TIPS for Men:
After the leader steps back with his left, initiating the volcada, he should then collect his feet before stepping forward with his right.

At the end of the volcada, he should step forward with his right and return her to her axis. But he should not step too close to her, as this will knock her off her axis in the other direction. He needs to leave a little space between their feet so that both can return to their own axis before taking another step.

TIPS for Women: At the moment of the volcada, the woman should let her free leg float forward. The foot of her free leg should be at minimum under her knee, but can extend completely straight depending on her styling. The foot should follow the direction of the movement.

Don't collapse, keep your core strong and straight. The hinge for leaning forward should happen at the ankles. Don't let your hips break forward or back.

Don’t bring your free leg back into the cruzada until he begins bringing you back onto your axis. By the time you are completely, back onto your axis your feet should be crossed.

Linear Volcada from Back Crosses

We start by entering into cross system and leading the the woman to back crosses (ochos). When I step forward with my left, I send a small impulse forward sending her free leg (right) back, past neutral. I then take a small diagonal step back with my right, she should bring her free leg in the direction we are moving in and thus we get a back cross from her. The larger step I take back the larger the volcada, so it can be very small or large. I collect my feet and continue in cross system to a forward cross.

 

Tip: There is no pivoting involved in this step. When we initiate these from back ochos (back crosses) they are walking back crosses and not pivoting back crosses. I am keeping my chest flat and not using any contra-body movement.

Tip: For the men, it is very important to collect your feet after each step. When I step forward with my left, I collect BEFORE stepping back with my right.. then during the volcada, I collect my left. You can also see that I am sometimes doing an embellishment once i have collected during the volcada.

Tip: the woman’s free leg needs to be super relaxed, as always, so that it can react and move in the direction my intention/impulse sends it.

Demo of Circular Volcadas with Music


Forward Volcada to Both Sides

At 0:45, we demonstrated a volcada to both sides of the embrace.
TIP for Men: Notice that my left only moves slightly, my right foot is leading the volcadas to both sides. Men also, attempt to collect your feet in the middle of each volcada, it makes it look neater and is a clearer lead for her.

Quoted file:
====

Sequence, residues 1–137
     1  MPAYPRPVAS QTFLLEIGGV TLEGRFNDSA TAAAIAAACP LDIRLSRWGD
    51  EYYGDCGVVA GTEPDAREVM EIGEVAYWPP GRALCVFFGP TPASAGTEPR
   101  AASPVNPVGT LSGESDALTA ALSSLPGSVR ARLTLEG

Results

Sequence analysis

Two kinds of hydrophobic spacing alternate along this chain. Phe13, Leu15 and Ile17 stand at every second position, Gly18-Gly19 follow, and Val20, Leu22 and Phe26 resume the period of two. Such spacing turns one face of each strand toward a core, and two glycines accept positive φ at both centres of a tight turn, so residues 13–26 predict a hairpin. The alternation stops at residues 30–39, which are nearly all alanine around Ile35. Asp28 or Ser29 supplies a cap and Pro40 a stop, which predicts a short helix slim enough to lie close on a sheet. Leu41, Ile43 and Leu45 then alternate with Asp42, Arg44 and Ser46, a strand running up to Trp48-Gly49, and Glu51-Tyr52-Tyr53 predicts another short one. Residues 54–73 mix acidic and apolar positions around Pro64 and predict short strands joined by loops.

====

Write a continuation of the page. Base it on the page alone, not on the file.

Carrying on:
360 Volcada from Rebote
At 1:00, we demonstrate getting a full 360 turn with a volcada from a rebote (rebound).??TIP: This is really a single-axis turn. After the rebound, I want to get my right foot very close to her right foot, so that I can get a lot of momentum for the single-axis turn.

Double Volcada with Split Weight Turn

This is one of my signature steps. At 1:25, I lead her to a volcada, but instead of returning her to a “tight” cruzada, I lead her a little more to my left so that her feet are separated by a few inches. As she puts her free leg down, I stop her so that her weight is evenly split. She is on axis at this point and I walk around her with her weight split. As I get all the way around, I move her weight back to her right and lead another volcada. You need the space between her feet, mentioned above, so that she can have room to pivot.

Forward Volcada from Back Cruzada

At 2.21, I lead a back cruzada and then initiate a forward Volcada.

Demo of Linear Volcadas to Music
12/03/2012
Melodía Porteña (1937) by Juan D’Arienzo

Alternating Back Volcadas
At 0:19, we do alternating small back volcadas. The main tip here is that I am going slightly down and back up to free up her leg each time.

Back Cross and Volcada from Rebote
At 0:28, we are in cross system and I step into her back open step with my forward cross step and then rebound (rebote) back and to the right (diagonally) causing her to do a back cross and then volcada.